Why your boss really wants you back in the office

Throughout the hazy, early days of the pandemic, workers around the world got comfortable with working from home. Many managed to work as effectively – and even more productively – without the constant interruptions that a traditional workplace brings, and without the fatigue of a commute.

Pushback on mandatory attendance days has since ignited on social media, been featured in the news, and according to UniSpace’s Global Workplace Insights report ‘Returning for Good’, has made life difficult for employers, too.

Some 42% of firms with mandated returns have experienced higher than normal employee attrition, and 29% are struggling to recruit. Despite all this, many bosses still want employees back in the office.

But, why? Here are some commonly-cited reasons…


Innovation depends on collaboration, so it’s not surprising that employers are keen on in-person meetings for team meetings, cross-team scrums and brainstorming sessions. This chimes with employee expectations to do collaborative work in the office, and to complete deep focus work at home individually.


From early interviews to developing within a role, relationship building is essential in almost every workplace. Recruiters say it is difficult to evaluate new recruits virtually, and once settled in a role, both employers and employees know that non-verbal cues of communication are often missing with remote working. A ‘cameras on’ policy does its best to address this for video calls, but a whole day of unconsciously absorbing messages is lost with remote working.


Happy, connected teams perform better, and happy teams encourage staff retention. In the ‘Returning for Good’ report, 38% of over 45s and 31% of 18-34 year-olds say they appreciate the opportunity to socialize within work, while 21% of 18-24 year-olds are keen on post-work socializing, compared to just 17% of over 45s.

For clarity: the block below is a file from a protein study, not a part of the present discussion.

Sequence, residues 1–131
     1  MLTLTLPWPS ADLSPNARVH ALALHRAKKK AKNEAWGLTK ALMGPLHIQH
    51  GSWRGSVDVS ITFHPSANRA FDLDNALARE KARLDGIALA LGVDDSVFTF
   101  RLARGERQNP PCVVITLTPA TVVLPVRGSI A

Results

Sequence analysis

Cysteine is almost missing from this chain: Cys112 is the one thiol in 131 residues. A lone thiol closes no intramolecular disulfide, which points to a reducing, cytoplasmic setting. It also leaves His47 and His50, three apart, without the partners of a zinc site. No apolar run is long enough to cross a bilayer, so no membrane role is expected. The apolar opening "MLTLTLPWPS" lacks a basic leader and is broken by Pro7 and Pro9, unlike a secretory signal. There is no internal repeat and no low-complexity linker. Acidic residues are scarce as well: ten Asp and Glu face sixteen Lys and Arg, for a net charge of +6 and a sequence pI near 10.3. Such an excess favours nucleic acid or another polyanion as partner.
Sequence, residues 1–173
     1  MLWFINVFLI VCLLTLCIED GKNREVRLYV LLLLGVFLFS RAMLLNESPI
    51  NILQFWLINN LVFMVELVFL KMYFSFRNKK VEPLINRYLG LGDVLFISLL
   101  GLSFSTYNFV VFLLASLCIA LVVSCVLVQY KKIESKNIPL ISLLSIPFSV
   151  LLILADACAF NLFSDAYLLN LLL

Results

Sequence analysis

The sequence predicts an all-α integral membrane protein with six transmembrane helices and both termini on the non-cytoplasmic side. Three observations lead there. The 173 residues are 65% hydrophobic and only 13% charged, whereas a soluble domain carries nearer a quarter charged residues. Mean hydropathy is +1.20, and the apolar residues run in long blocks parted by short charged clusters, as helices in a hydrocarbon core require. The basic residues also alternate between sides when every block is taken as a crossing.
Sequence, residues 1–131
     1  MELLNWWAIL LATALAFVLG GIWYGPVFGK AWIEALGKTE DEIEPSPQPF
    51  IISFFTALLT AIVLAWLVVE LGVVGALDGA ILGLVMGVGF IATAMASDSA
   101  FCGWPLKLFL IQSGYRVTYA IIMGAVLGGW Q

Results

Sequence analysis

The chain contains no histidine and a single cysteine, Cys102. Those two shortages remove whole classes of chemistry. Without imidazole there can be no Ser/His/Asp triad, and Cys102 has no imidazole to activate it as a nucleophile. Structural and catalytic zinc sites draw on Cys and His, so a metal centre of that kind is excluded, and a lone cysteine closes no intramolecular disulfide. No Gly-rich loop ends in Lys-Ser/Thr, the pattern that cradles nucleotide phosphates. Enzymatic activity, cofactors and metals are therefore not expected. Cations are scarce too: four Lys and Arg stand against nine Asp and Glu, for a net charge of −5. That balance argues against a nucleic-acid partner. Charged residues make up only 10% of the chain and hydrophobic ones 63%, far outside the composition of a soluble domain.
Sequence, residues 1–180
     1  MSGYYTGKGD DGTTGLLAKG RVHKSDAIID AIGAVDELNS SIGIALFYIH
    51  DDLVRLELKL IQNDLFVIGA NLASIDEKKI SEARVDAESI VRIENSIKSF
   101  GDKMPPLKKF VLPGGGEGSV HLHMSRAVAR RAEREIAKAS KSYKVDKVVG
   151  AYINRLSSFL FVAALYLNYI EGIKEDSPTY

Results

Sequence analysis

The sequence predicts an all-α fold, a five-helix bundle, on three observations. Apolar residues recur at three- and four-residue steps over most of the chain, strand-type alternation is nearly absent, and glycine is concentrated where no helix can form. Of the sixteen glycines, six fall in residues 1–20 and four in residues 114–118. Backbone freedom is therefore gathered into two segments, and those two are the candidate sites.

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Informal learning

At every level, but perhaps most pertinently at the early-career stage, we learn from the people around us. What you pick up in the line for coffee or in the elevator can tell you more about an organization than its 100-page employee handbook.

Informal mentorships are also often missing in remote working, which have a well-worn natural function in an office setting. Worryingly for fully-remote workers, in the UniSpace research, 84% of employers indicated that chances of career progression will be limited for employees who are not in the office.

Real estate investments

Savvy businesses downsized real estate quickly in 2020, and many pivoted to hot desking in the interim. In 2021, 84% of employees said they planned to decrease the amount of office space they maintained, and we saw floors of high-spec office buildings up for lease to external parties.

However, 75% of businesses have increased their real estate portfolio in the last two years. As 48% of workers surveyed say having an assigned desk would entice them into the workplace more often, a return to assigned seating may be next on the increase.

Ready to make the leap into a new way of working?
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